[XeTeX] XeTeX in lshort
elliott at yrl.co.uk
Sun Oct 3 21:23:55 CEST 2010
On 2 Oct 2010, at 19:12, Philipp Stephani wrote:
> Am 30.09.2010 um 20:12 schrieb Elliott Roper:
>> What I'm lacking is a set of beginner documents that ties all the TeX zoo together. Do I have to read source to find the definitive answer to which package has what package as a pre-requisite?
> Yes, and that won't change until LaTeX becomes a second ConTeXt.
Hello again. I think I better postpone that discussion until I have experimented a lot more. I would be wasting your time and that of others on this list. I have been trying ConTeXt and LuaTeX as well as LaTeX and XeTeX with various packages and classes. Until I can clearly state what my problems with each of those are, there is not much point in asking more fool questions.
>> Which package breaks what others? Which order of \usepackages works and which doesn't? When do I use XeTeX? Which bits of LaTeX survive the transplant? Which don't? How do I use unicode-math? Why should I? When should I start again with LuaTeX?
> Nobody can give a definitive answer to all these questions. For the moment, if pdflatex works for you, stick with it. For me, I can't reliably switch to anything else until OTF math and microtypography work as expected.
I suspect that is not an uncommon answer. I'll give up if I can't get OTF working well enough for what I want to do. I gave up on TeX twice before because of my arrogant view of its font shortcomings.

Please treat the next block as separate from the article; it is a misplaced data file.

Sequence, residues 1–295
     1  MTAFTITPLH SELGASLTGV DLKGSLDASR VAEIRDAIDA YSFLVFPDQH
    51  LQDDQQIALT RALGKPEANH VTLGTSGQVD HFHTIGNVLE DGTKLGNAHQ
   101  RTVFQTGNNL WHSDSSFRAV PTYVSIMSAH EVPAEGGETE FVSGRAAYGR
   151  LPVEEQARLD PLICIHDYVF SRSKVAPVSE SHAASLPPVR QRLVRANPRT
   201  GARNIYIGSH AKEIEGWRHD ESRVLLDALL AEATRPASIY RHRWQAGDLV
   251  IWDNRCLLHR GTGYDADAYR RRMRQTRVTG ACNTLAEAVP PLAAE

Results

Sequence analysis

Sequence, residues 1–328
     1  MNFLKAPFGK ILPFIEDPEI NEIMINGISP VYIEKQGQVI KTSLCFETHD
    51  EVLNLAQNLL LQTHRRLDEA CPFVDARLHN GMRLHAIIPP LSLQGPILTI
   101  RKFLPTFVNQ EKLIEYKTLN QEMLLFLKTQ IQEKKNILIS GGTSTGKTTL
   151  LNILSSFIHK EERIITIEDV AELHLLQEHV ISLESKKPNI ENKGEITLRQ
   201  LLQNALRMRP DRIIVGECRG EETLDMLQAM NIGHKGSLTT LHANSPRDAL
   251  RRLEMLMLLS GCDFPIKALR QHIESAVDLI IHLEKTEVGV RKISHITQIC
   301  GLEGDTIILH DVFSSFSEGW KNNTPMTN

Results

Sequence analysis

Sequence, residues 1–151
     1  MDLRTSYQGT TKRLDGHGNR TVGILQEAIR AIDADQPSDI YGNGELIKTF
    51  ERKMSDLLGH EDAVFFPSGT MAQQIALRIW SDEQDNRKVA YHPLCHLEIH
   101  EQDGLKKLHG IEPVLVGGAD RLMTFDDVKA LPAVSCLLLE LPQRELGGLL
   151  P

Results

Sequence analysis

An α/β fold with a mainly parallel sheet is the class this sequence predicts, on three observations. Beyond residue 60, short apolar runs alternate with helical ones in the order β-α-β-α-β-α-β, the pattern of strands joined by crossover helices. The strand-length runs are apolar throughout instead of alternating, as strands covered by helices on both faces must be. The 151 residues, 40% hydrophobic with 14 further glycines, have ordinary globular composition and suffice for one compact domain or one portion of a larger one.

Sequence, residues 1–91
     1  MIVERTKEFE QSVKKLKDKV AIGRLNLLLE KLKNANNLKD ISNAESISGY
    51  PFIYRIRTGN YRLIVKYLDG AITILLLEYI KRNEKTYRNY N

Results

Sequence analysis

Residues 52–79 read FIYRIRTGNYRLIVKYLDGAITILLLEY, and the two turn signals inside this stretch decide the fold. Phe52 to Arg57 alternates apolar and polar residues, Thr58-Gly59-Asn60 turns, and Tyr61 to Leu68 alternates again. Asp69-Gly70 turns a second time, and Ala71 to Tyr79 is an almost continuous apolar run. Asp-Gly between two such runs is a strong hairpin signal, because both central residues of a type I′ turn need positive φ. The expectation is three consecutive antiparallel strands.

>> But I sure could use something that gives the beginner an overview. Maybe which topics in which documents for producing documents of type x. It is well covered for academic work already. Yet how do I do fine typesetting for books and magazine articles with lots of external illustrations, stored in paths and files with unicode and punctuation in their names? How do I impose signatures of small pages on large sheets, and which packages break when I try it?
> By not using LaTeX. Until there is a stable, modern foundation (LuaTeX plus an appropriate kernel), I wouldn't recommend LaTeX for many things outside the world of writing academic papers and theses. Mose people interested in design and typography use InDesign or QuarkXPress, and ConTeXt might be an option, too.
I have already given up on InDesign. It is OK for less than 20 pages when you care more about the look than you do about the content. The idea of sending $1000 to Adobe every two years to get bug fixes and a bunch of features I don't want gets old pretty quickly.
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